sherpa> print(bkg_cnt_rate)
        0.00560099028644

Plot the data:

sherpa> plot_data()

The data are plotted in energy space—as seen in Figure 1—since the instrument model provides the information necessary to compute the predicted counts for each bin. In general, the units of the x-axis are determined by the value in the units field of the data, which may be accessed with 'print(get_data().units)' or show_filter, and modified with set_analysis.


Filter the Data & Subtract the Background

The CIAO 'Why' topic on Choosing an Energy Filter contains information on selecting energy range for spectral modeling. We can use the Sherpa ignore or notice functions to select the energy range between 0.1 and 6.0 keV. These functions are applied to all data sets. The other two functions, notice_id()/ignore_id(), require explicit input of the source data set ID, as the first argument; the second argument defines the lower energy of the range, and the third the higher energy of the range. These are useful for multiple data sets requiring different filters. (The notice_id filter will automatically be applied to the associated background data when the background data set ID (bkg_id) parameter is not used, as in the example in this thread. A different filter for the background may be set by issuing the notice_id or ignore_id command with the bkg_id entered as the fourth argument to the function.) The data between 0.1 and 6.0 keV will be noticed with use of either of the following commands:

At this point, we also opt to subtract the background data:

sherpa> subtract()

sherpa> plot_data()

Figure 2 shows the resulting plot.

The axis scaling for all plots created in the current Sherpa session may be changed to log by calling set_xlog and set_ylog with no arguments (and changed back to linear with set_xlinear/set_ylinear):

sherpa> set_xlog()
sherpa> set_ylog()

(To set the plot axis scaling for a specific type of plot, e.g., model, data, or fit plots, the set_xlog/set_ylog or set_xlinear/set_ylinear commands should be called with the appropriate argument, either "data", "model", "source", "fit", or "delchi"—similar to those accepted by the generic Sherpa plot function.)

To change the default settings for plot_data so that both the x- and y-axes will be drawn using a log-scale each time the function is called in the session, use the get_data_plot_prefs function:

sherpa> p = get_data_plot_prefs() 
sherpa> p["xlog"] = True
sherpa> p["ylog"] = True

To learn how to change the default axis scale from linear to logarithmic so that these commands do not have to be run in each Sherpa session, see this Sherpa FAQ.


Defining the Source Model

Before fitting the data, it is necessary to define a model that characterizes the source. All models available in Sherpa, or only models belonging to a specific category, may be returned at the Sherpa prompt by calling the list_models function accordingly:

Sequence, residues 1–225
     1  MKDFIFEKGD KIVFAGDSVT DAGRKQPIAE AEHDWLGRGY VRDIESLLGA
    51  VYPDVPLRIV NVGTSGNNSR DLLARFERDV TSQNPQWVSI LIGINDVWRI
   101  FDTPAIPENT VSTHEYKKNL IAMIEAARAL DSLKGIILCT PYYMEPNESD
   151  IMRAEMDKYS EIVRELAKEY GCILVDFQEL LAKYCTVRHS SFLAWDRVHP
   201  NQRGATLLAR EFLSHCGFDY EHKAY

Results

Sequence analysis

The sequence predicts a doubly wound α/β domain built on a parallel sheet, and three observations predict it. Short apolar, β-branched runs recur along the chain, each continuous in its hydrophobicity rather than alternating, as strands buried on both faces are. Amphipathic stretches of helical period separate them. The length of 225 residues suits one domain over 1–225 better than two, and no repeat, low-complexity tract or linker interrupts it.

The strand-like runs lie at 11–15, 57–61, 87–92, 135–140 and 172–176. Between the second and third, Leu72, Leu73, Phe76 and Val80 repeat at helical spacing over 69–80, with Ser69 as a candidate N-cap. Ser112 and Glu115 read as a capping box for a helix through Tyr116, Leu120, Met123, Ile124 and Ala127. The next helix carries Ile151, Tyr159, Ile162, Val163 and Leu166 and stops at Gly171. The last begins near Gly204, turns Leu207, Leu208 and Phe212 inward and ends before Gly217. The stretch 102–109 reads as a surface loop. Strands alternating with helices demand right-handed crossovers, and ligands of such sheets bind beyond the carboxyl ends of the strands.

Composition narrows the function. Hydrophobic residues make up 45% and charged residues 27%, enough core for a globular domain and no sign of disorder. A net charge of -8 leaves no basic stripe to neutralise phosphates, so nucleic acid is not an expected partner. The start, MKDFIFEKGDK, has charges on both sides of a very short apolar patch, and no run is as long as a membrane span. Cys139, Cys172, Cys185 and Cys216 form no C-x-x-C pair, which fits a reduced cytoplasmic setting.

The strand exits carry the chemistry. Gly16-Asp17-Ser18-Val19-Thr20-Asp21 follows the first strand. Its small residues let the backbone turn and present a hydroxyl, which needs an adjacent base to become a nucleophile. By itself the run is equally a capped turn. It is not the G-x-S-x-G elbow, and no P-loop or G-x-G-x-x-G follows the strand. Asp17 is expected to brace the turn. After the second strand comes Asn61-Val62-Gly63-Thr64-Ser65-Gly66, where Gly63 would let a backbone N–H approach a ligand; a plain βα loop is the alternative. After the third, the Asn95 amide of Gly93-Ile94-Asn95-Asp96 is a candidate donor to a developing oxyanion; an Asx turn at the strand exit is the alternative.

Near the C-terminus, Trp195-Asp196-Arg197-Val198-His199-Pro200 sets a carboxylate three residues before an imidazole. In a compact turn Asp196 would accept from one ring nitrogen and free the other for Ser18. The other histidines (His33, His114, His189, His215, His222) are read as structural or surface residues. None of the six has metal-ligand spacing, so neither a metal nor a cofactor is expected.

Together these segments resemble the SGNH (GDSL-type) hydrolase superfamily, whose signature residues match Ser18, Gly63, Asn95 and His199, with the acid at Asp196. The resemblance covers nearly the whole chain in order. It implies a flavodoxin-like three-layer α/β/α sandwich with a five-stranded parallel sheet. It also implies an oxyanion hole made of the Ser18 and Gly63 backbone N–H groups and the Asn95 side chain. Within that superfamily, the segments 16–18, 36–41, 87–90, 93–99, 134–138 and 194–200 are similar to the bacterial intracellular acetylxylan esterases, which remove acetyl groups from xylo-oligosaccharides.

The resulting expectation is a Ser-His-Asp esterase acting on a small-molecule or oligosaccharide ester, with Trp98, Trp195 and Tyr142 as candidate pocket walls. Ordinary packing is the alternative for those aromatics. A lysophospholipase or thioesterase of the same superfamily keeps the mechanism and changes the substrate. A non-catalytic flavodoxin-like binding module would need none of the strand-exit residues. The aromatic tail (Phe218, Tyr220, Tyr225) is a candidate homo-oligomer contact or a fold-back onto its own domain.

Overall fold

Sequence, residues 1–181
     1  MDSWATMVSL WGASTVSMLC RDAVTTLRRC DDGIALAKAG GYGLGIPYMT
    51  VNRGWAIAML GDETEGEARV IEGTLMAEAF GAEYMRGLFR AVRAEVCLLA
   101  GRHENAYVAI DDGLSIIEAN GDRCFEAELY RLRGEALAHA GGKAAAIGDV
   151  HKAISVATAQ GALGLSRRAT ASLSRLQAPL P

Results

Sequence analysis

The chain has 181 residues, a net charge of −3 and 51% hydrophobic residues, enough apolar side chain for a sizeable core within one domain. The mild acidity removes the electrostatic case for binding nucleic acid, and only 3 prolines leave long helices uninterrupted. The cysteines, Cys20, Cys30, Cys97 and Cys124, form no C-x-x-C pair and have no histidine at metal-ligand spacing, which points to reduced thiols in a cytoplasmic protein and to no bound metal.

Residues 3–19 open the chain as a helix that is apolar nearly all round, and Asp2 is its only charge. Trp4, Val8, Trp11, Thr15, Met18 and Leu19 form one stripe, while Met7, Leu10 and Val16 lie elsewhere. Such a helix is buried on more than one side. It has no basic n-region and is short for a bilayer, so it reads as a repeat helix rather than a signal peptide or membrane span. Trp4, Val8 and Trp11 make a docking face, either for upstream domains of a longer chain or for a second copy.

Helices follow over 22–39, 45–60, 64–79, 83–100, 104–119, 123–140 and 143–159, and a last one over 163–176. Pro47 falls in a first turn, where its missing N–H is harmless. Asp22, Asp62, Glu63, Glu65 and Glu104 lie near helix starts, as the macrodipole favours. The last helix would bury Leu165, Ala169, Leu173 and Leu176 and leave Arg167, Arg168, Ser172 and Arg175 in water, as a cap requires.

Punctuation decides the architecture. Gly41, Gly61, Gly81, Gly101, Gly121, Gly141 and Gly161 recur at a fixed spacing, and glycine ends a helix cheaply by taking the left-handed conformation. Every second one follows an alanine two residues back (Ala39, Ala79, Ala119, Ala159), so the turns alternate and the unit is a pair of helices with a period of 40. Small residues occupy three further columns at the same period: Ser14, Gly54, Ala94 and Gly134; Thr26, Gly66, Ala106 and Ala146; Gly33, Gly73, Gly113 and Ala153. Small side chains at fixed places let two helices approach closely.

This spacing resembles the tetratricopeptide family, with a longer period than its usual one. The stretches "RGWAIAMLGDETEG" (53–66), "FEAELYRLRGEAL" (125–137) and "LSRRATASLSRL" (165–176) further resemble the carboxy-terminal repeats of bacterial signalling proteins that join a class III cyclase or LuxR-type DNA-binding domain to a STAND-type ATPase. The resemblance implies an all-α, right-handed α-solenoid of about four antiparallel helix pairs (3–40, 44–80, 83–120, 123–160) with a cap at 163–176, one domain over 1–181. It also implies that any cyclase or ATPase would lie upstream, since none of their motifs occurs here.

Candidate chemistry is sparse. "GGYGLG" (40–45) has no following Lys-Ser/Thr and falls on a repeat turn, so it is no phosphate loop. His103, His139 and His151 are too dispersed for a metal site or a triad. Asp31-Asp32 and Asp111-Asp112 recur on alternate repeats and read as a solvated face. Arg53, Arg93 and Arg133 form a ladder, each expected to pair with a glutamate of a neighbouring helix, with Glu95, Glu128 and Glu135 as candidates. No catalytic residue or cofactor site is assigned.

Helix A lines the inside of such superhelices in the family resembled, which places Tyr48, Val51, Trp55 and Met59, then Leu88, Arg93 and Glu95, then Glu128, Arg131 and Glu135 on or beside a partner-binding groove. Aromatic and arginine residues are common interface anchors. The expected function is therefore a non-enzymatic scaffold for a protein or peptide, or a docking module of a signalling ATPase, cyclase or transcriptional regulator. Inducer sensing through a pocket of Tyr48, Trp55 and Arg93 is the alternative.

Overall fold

sherpa> list_models()         # all models, same as 'list_models("all")'

sherpa> list_models("xspec")  # all xspec models

sherpa> list_models("2d")     # Sherpa 2D analytic models

Here, we use a source model composed of two model components:

  • powlaw1d - a one-dimensional power-law.
  • xsphabs - an XSpec photoelectric absorption model.

We define an expression that is the product of these two components. The hydrogen column density (nH) is set to the known Galactic value for the source and the parameter is frozen so that it will not be allowed to vary in the fit.

sherpa> set_source(xsphabs.abs1 * powlaw1d.p1)
sherpa> abs1.nH = 0.07
sherpa> freeze(abs1.nH)

The current source model definition may be displayed:

sherpa> show_model()
Model: 1
apply_rmf(apply_arf((38564.6089269 * (xsphabs.abs1 * powlaw1d.p1))))
   Param        Type          Value          Min          Max      Units
   -----        ----          -----          ---          ---      -----
   abs1.nh      frozen         0.07            0       100000 10^22 atoms / cm^2
   p1.gamma     thawed            1          -10           10
   p1.ref       frozen            1 -3.40282e+38  3.40282e+38
   p1.ampl      thawed            1            0  3.40282e+38

Note that Sherpa and XSPEC absorption models have to be multiplied by a model which has normalization and amplitude parameters, such as powlaw1d; they cannot be used as single models in the source expression. It may be necessary to modify the parameter values, since the Sherpa guess functionality does not apply to absorption models. However, we can use this command to guess the initial parameter values and ranges for the power-law model component (parameter values are not automatically guessed in Sherpa 4.7). To have Sherpa automatically query for the initial parameter values when a model is established, set 'paramprompt(True)' (it is 'False' by default).

sherpa> guess(p1)

sherpa> show_model()
Model: 1
apply_rmf(apply_arf((38564.6089269 * (xsphabs.abs1 * powlaw1d.p1))))
   Param        Type          Value          Min          Max      Units
   -----        ----          -----          ---          ---      -----
   abs1.nh      frozen         0.07            0       100000 10^22 atoms / cm^2
   p1.gamma     thawed            1          -10           10           
   p1.ref       frozen            1 -3.40282e+38  3.40282e+38